At The Fishbowl (on Granville Island) until February 18. Sold out for the rest of the run.
Posted February 12, 2017
Realtors have bumped lawyers (except for her lawyer brother) into second place on the list of professionals that Toronto actor/writer Karen Hines distrusts the most. And for good reason. Hoping to buy a place with mortgage payments lower than rent, in an area similar to Vancouver’s hip-ish Mount Pleasant, she bought a cute little lemon yellow “coach house” with a “crawl space” in Toronto in 2006. That little lemon yellow coach house turned out to be a big fat lemon.
Coach house: an outbuilding in which a carriage is or was kept. Crawl space: an area of limited height under a floor or roof, giving access to wiring and plumbing.
What Hines actually bought was a renovated garage, part of which – she discovered – was built on the neighbour’s property. The gyprock on the kitchen walls didn’t meet the floor. Parts of the house that look like wood turned out to be plastic. And then there was something dead in the crawl space that had no door, no widow, no access. The space was later found to be as little as eight to fifteen inches high. She fantasized “a skinny baby. Strap a camera on its head. Send it crawling in on a reconnaissance”. The dead-thing stink, under a hot Toronto sun, was intensifying.
No one would buy it from her now – not even Danny, her realtor. He had been aware of all the flaws in the reno before she bought it because he was associated with the previous owner.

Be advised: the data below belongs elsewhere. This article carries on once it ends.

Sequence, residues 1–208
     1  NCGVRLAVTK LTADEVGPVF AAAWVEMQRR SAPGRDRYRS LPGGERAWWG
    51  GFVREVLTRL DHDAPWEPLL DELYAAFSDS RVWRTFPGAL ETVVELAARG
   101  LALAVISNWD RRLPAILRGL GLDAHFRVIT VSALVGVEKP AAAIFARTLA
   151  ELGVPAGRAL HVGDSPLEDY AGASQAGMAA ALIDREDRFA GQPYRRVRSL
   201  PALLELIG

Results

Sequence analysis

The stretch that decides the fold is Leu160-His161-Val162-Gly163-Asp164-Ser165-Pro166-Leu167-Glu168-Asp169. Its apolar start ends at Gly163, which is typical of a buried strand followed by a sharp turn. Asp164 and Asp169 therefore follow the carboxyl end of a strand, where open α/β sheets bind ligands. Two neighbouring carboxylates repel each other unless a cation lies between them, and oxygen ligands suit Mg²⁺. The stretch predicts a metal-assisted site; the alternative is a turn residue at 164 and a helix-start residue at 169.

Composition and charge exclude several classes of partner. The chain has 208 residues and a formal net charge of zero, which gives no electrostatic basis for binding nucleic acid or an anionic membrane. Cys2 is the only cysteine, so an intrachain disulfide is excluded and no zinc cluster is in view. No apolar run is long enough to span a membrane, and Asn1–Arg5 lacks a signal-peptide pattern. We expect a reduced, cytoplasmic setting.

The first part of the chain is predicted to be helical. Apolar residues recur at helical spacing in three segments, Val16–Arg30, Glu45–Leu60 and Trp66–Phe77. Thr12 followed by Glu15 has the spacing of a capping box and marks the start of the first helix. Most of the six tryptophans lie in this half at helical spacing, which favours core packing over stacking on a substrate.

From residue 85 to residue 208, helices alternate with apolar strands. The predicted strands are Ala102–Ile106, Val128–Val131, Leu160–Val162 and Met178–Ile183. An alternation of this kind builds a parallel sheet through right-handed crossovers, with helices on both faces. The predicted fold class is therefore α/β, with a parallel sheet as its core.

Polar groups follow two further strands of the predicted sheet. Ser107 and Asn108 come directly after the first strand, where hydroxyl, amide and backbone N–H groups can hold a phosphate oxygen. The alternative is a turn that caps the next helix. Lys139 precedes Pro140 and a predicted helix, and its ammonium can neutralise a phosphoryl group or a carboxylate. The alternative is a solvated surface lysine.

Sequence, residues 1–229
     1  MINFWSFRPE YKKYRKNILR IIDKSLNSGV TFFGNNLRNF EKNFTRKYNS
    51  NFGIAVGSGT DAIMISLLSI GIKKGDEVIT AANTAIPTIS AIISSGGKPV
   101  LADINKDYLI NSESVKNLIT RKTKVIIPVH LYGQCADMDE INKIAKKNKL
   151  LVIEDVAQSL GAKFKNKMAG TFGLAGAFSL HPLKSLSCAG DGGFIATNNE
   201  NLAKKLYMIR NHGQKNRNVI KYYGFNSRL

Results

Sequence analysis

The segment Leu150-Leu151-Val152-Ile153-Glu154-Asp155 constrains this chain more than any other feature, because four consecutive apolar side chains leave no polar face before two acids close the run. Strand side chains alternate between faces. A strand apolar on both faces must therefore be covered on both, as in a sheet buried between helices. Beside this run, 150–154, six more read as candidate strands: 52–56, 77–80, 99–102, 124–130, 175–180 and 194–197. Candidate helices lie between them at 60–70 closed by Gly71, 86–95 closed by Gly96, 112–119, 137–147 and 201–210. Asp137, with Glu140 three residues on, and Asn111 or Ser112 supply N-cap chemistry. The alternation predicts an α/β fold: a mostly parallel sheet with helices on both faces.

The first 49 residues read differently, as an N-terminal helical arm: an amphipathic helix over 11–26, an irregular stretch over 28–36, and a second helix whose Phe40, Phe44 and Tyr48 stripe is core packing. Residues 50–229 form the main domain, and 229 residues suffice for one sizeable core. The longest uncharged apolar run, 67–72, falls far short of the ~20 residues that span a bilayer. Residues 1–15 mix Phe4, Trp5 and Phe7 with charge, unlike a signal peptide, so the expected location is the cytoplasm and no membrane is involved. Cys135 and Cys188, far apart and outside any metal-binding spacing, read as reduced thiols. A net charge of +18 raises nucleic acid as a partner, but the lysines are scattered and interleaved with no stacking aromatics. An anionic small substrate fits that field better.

If this doesn’t sound funny, it is and it isn’t. Hines made her name years ago as Poschy at the Vancouver Fringe Festival; she returned as Poschy in Poschy’s Lips. That’s when I fell hard for her and her style of dark humour. As a bouffon, Hines oh-so-sweetly delivers blistering commentary on our consumer culture. She’s never whiny, petulant or belligerent; her voice is well modulated, her diction impeccable. The writing is witty and intelligent and the performance is terrific. Hines, dressed in a classy grey/black striped, body-hugging dress, wears funky, probably expensive shoes and black stockings. Her hair is perfect, the lipstick on her perfect rosebud mouth is perfect. She makes no bones about coming from a financially comfortable family or that she has family and friends to help her through this disaster. But it worries her that many – especially millennials – do not. Decent housing is almost impossible to come by at a price most people can afford. Our ‘for profit’ culture is seriously screwing us.
Appropriately, Crawlspace is in The Fishbowl, a tiny venue on Cartwright Street on Granville Island. Maximum: twenty-four “owners and/or renters” ranked around two sides of the room on wooden chairs and benches. Hines sits at a desk when she’s not walking around making eye contact with everyone. It is intimate. It feels like a conversation. When she talks of rats or black mold, she looks right at you. She knows your fears. She’s pitch-black funny.
Presented by Boca Del Lupo Theatre as part of its Micro Performance Series, Crawlspace is sold out. That’s disappointing for Vancouver theatregoers but probably a good thing for Hines. Finally free of that cute little lemon yellow house, she will be, according to CIBC, paying off debts – incurred preparing the place for re-sale – for the next seventy-two years!